FCPA compliance can be expressed through the formulation articulated by Paul McNulty and Stephen Martin, of Baker and McKenzie, which they call the “Five Elements of an Effective Compliance Program”, which are leadership, performing a risk assessment, instituting standards and controls, then providing training and communication on those standards and controls and, finally, oversight of your compliance program. While McNulty and Martin have written and spoken extensively on these five elements to flesh them out, these basic concepts are usually quickly and easily understood. Further, and perhaps not said as often as it should be said, companies which have a robust compliance program, are usually better run companies because of the controls that are put in place.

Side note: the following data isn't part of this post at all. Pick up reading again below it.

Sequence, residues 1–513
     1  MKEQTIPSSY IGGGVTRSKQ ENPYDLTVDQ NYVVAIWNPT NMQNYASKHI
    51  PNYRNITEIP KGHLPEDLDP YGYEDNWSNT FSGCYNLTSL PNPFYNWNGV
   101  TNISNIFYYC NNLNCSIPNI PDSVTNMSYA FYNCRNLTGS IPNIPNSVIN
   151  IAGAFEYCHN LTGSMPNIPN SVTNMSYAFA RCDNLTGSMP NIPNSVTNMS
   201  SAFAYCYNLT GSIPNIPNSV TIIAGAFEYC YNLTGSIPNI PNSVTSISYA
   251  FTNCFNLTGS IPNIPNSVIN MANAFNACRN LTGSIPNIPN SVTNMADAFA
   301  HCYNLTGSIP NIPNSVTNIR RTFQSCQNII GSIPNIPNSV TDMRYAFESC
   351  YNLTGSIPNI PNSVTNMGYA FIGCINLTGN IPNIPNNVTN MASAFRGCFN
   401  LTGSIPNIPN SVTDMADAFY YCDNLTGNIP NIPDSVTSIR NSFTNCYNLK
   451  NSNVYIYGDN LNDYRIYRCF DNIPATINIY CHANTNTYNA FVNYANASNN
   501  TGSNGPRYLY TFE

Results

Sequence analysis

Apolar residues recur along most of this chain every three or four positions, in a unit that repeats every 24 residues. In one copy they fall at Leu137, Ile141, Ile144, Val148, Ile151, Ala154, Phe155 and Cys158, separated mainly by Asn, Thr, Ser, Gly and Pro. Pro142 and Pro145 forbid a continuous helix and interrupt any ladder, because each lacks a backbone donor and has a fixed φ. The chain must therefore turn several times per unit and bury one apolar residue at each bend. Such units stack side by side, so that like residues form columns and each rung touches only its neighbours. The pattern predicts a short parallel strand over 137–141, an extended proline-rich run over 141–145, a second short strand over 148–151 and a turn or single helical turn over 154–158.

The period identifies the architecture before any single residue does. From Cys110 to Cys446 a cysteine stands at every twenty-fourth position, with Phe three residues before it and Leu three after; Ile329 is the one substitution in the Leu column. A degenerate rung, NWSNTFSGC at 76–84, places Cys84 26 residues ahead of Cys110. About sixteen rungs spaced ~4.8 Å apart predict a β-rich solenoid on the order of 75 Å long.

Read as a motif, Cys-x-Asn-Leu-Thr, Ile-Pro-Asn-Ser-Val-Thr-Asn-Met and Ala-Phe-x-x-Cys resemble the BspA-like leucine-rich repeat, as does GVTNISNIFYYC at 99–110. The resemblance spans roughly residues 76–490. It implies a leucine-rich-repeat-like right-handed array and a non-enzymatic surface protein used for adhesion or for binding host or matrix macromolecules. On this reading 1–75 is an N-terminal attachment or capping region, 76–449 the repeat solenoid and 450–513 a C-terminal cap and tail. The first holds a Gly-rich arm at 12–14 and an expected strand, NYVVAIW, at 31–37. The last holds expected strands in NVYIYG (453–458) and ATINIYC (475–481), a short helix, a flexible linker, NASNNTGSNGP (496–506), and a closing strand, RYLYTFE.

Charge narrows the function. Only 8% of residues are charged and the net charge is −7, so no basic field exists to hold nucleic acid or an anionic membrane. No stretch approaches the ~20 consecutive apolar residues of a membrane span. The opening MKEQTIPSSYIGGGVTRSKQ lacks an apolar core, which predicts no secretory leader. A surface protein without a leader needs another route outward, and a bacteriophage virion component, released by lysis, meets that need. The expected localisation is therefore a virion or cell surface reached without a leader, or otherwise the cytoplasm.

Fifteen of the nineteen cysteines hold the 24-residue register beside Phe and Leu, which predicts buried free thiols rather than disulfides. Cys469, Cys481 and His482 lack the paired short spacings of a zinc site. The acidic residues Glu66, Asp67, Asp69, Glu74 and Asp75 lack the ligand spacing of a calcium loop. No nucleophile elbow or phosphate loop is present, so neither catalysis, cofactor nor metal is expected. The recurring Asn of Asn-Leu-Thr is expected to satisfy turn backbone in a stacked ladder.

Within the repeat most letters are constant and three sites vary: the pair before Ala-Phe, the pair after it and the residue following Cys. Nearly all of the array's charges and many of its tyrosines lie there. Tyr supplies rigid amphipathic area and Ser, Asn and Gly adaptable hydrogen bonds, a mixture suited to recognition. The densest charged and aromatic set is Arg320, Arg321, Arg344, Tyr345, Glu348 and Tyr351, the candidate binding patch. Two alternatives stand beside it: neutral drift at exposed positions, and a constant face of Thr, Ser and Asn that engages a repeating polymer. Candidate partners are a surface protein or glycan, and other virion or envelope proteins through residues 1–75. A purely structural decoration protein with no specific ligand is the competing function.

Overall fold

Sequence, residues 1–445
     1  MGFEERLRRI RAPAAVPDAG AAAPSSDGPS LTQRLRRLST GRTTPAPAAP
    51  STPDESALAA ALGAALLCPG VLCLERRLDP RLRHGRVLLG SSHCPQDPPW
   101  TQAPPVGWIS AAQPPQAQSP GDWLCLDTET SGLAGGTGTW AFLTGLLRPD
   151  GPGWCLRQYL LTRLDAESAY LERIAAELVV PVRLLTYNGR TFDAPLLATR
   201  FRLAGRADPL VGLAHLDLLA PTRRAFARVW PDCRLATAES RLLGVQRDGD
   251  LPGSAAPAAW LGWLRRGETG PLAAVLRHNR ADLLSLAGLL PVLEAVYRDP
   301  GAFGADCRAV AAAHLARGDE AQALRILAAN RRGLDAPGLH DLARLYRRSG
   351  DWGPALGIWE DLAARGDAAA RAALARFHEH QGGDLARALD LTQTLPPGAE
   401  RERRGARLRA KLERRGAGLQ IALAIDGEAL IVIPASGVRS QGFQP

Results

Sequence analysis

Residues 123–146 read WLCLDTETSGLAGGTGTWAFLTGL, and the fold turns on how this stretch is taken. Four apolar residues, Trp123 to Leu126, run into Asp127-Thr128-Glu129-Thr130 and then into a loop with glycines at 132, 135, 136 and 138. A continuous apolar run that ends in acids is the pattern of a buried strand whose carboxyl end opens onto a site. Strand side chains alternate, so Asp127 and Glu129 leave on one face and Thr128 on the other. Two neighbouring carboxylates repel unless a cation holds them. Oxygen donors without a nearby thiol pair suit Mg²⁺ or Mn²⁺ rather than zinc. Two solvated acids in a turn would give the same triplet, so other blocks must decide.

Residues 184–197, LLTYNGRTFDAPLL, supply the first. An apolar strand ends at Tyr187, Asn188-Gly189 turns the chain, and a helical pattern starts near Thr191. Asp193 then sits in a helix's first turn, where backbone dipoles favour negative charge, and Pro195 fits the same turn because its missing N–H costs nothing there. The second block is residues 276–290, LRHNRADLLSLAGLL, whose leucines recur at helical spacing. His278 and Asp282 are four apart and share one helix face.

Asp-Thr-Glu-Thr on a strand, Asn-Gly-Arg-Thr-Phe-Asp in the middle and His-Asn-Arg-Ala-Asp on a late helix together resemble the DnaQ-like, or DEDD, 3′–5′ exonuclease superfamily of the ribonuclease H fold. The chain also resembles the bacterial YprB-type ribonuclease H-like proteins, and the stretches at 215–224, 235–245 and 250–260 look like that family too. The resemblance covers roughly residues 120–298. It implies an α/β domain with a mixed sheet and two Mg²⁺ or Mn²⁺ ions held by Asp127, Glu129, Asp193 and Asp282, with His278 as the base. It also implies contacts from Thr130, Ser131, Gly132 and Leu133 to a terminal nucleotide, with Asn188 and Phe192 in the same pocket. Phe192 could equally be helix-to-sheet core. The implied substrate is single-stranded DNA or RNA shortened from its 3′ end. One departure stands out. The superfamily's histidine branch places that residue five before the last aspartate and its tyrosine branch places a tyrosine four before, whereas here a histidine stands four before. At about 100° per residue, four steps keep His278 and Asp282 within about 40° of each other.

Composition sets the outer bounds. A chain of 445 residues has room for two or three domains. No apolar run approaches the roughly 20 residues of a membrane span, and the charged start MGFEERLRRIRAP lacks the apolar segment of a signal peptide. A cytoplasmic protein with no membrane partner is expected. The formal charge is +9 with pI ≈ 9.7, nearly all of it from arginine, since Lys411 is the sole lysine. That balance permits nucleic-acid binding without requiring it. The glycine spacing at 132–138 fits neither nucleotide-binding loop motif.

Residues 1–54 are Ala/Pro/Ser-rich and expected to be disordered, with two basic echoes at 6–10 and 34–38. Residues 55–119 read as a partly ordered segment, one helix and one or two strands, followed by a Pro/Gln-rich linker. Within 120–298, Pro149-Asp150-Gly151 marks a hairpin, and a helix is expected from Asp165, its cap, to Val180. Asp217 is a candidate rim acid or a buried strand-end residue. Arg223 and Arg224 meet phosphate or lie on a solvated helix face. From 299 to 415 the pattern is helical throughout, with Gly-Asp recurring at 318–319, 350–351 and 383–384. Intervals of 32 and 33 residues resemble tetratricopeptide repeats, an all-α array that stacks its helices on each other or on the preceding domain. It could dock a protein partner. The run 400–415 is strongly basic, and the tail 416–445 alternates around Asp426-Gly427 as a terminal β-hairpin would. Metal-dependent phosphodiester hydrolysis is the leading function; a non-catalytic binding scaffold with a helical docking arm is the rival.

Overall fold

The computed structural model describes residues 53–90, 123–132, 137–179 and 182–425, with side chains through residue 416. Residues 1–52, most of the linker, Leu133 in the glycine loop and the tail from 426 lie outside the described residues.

In other areas, anti-corruption compliance programs are becoming requirements to access cash to fund your business. If your company is going through traditional corporate refinancing in the next 18 months, any bank or other financial institution that you go to will want to not only review your compliance program but may well want to review where that compliance program may be in terms of an overall assessment of the compliance risks that your company faces. If you want to sell your business, enter into a joint venture (JV) or even receive some other type of funding, your compliance program will be assessed.